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Highways, Byways, And Bridge Photography
Thomson Road Bridge
CSAH-1 Saint Louis River Highway Crossing
Thomson, MN

Thomson Road Bridge

• Structure ID: NBI: 09504
• Location: River Mile 28.0 (Approximate)
• River Elevation: 1,051 Feet
• Highways: CSAH-1, Thomson Road
• Daily Traffic Count: 2,150 (2002)
• Bridge Type: Prestressed Concrete Girder, Concrete Deck
• Bridge Length: 122 Feet, 122 Foot Longest Span
• Bridge Width: 36 Feet, 2 Lanes
• Navigation Channel Width: Non-Navigable
• Height Above Water: 5 Feet
• Date Built: 1976
Thomson Road is one of three roads, along with MN-45 and MN-210, that serve the Thomson and Carlton area and have freeway exits from I-35. Thomson Road approaches the area from the east, while MN-45 approaches from the north and MN-210 approaches from the east. All three roads converge just south of the Thomson Reservoir, the northernmost component of the huge Thomson Dam water project.

In the case of the Thomson Road Bridge, it does not cross the main channel of the Saint Louis River. Rather, it crosses the Forbay Canal. This canal carries water from the Thomson Reservoir two miles to the east, where it then flows through pipes for another mile. The water eventually runs through giant power generating turbines before returning back to the Saint Louis River at River Mile 24.

The bridge is a very typical prestressed concrete girder bridge. It is short enough that mid-span piers are not required. As a result, the girders are supported on each end by the bridge abutments. The bridge features a reinforced concrete deck, and the modern style slanted solid guardrails. One feature of note is that the bridge has metal guardrails attached to the north end. On the south end, the bridge connects to curb and gutter. The east side of the bridge has a metal guardrail, while the west side does not. Rather it has a sidewalk with a handicap ramp leading down to the roadway. There is no guardrail to prevent someone from walking past the sidewalk and into the canal other than a small blue and white marker sign.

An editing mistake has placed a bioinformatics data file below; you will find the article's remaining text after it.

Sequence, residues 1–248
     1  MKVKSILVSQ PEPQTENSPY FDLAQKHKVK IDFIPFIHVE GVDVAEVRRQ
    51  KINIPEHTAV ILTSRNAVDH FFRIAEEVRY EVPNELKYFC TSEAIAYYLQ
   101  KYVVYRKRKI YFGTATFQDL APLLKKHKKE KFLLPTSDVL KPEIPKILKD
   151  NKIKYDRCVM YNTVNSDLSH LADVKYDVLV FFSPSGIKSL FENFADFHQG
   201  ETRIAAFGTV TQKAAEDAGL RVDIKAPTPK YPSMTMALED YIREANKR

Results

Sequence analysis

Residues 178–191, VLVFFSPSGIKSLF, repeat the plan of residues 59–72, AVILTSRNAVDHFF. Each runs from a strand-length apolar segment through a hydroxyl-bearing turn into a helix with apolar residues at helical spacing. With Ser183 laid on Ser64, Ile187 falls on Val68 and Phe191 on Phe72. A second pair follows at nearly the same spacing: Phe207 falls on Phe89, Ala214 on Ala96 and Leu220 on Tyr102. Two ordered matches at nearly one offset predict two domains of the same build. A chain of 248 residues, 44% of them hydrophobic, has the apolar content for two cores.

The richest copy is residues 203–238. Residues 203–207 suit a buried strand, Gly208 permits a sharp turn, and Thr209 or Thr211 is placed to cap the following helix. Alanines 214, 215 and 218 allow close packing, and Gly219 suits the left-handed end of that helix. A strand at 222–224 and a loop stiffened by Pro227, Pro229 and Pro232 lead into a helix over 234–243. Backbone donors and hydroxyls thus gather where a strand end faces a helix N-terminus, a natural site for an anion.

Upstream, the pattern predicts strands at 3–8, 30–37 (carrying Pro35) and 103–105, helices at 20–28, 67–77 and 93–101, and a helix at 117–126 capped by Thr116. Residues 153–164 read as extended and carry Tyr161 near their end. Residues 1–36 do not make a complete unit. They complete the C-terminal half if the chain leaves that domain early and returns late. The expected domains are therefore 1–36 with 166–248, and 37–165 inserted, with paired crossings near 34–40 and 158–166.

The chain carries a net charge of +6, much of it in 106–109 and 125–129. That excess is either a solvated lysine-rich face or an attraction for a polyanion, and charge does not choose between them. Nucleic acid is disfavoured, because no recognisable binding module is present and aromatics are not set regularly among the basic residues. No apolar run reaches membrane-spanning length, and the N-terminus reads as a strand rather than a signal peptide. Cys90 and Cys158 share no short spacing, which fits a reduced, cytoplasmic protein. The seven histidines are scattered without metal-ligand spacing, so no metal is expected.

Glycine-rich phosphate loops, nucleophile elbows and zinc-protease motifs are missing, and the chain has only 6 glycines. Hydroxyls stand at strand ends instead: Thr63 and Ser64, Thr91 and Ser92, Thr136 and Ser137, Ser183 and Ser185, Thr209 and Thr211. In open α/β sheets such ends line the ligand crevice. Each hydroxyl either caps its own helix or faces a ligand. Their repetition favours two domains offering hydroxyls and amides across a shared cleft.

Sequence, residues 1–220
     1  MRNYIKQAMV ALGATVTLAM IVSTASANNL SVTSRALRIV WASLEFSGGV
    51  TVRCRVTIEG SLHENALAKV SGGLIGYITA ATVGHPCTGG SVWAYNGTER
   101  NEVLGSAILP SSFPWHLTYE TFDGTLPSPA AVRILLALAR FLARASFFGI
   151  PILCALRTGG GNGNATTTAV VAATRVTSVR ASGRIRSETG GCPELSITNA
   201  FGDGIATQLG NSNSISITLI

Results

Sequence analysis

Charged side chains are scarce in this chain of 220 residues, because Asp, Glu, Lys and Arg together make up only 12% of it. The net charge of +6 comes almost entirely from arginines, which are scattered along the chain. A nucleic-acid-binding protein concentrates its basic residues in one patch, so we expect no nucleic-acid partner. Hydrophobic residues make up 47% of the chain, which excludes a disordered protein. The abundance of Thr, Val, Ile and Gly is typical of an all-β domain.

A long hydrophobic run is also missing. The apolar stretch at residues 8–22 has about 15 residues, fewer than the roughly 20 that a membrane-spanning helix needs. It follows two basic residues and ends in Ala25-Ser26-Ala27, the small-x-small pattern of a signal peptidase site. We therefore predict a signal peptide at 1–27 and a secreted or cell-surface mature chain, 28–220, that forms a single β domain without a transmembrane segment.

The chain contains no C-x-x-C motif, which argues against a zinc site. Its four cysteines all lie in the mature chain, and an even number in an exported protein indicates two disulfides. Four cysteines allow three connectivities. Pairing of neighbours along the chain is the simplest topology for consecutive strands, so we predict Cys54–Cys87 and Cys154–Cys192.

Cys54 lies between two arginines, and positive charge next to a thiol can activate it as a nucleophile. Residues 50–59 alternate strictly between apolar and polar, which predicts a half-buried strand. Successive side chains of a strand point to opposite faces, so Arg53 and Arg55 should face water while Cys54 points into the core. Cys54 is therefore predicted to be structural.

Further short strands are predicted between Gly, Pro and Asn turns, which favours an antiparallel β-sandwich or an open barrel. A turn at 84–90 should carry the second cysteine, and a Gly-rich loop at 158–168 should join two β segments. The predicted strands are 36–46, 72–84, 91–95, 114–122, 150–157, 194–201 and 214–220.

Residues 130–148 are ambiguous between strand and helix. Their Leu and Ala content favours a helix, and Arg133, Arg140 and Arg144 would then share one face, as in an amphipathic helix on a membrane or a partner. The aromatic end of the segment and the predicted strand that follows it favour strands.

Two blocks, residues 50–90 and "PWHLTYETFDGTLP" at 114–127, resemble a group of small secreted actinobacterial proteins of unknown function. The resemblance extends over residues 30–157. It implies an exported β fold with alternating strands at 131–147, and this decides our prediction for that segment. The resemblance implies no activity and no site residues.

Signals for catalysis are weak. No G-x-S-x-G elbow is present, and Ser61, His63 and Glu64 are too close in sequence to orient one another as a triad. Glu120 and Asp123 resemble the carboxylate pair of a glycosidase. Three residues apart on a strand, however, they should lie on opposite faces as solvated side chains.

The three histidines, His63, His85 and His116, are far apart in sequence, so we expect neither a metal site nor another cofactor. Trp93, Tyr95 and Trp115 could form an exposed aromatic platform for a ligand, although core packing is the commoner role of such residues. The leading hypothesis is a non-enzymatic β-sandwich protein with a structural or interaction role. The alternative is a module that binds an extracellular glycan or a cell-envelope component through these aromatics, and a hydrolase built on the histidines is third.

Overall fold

The photo above is an autumn view looking north across the bridge deck from the southwest corner of the structure. Note that the sidewalk ends at the bridge, but doesn't have a guardrail like the other three corners of the bridge. The photo below is a summer view from the same vantage point.

Thomson Road Bridge
Thomson Road Bridge
The photo above is a view looking north down the length of the bridge deck as seen from the southeast corner of the structure. The photo below is the bridge plate.

Thomson Road Bridge
Thomson Road Bridge
The photo above is looking north across the Forbay Canal along the upstream east face of the Thomson Road Bridge. The photo below is a similar view looking north across the canal along the downstream east face of the bridge.

Thomson Road Bridge
Thomson Road Bridge
The photo above is looking upstream to the northwest along the canal channel towards the Thomson Road Bridge. The vantage point is a concrete retaining wall along the edge of the canal near the former railroad bridge that now carries the Willard Munger Trail across the canal. The photo below is the upstream side of the Thomson Road Bridge as seen from the south bank of the Forbay Canal. Note that the water level is relatively high in this photo following an early snowstorm in October, 2010, that melted very quickly causing spring-like water levels in the Saint Louis River.

Thomson Road Bridge
Thomson Road Bridge
These two photos are summer views of the Thomson Road Bridge. The photo above is looking north down the center of the bridge deck, while the photo below is the downstream east face of the bridge.

Thomson Road Bridge
Thomson Road Bridge
A storm of historic proportions hit the Duluth area on June 19-20, 2012, dropping 11 inches in some areas. The Thomson Dam overtopped resulting in a large flow of water to surge down the Forbay Canal, blowing out the side of the canal and creating a new river channel through Jay Cooke State Park. The canal was drained and left in a dewatered state as repairs took over two years to complete. The photo above is looking downstream from the Thomson Road Bridge, while the photo below is the canal on the upstream side of the highway.

Thomson Road Bridge

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